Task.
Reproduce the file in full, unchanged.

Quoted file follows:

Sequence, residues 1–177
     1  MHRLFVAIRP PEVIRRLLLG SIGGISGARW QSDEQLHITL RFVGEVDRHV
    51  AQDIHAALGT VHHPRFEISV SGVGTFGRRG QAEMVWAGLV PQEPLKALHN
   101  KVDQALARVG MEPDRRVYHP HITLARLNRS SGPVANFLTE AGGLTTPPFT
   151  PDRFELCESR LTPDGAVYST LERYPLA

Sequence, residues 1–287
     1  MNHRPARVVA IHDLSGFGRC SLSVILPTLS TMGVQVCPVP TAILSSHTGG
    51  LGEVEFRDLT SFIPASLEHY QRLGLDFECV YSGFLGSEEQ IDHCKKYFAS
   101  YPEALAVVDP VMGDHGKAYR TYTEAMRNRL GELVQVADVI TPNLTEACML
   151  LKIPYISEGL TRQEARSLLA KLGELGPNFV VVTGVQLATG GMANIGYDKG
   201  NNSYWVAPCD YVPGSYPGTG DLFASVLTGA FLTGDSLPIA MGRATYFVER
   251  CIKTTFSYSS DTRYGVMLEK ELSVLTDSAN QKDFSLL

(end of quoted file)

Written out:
Sequence, residues 1–177
     1  MHRLFVAIRP PEVIRRLLLG SIGGISGARW QSDEQLHITL RFVGEVDRHV
    51  AQDIHAALGT VHHPRFEISV SGVGTFGRRG QAEMVWAGLV PQEPLKALHN
   101  KVDQALARVG MEPDRRVYHP HITLARLNRS SGPVANFLTE AGGLTTPPFT
   151  PDRFELCESR LTPDGAVYST LERYPLA

Sequence, residues 1–287
     1  MNHRPARVVA IHDLSGFGRC SLSVILPTLS TMGVQVCPVP TAILSSHTGG
    51  LGEVEFRDLT SFIPASLEHY QRLGLDFECV YSGFLGSEEQ IDHCKKYFAS
   101  YPEALAVVDP VMGDHGKAYR TYTEAMRNRL GELVQVADVI TPNLTEACML
   151  LKIPYISEGL TRQEARSLLA KLGELGPNFV VVTGVQLATG GMANIGYDKG
   201  NNSYWVAPCD YVPGSYPGTG DLFASVLTGA FLTGDSLPIA MGRATYFVER
   251  CIKTTFSYSS DTRYGVMLEK ELSVLTDSAN QKDFSLL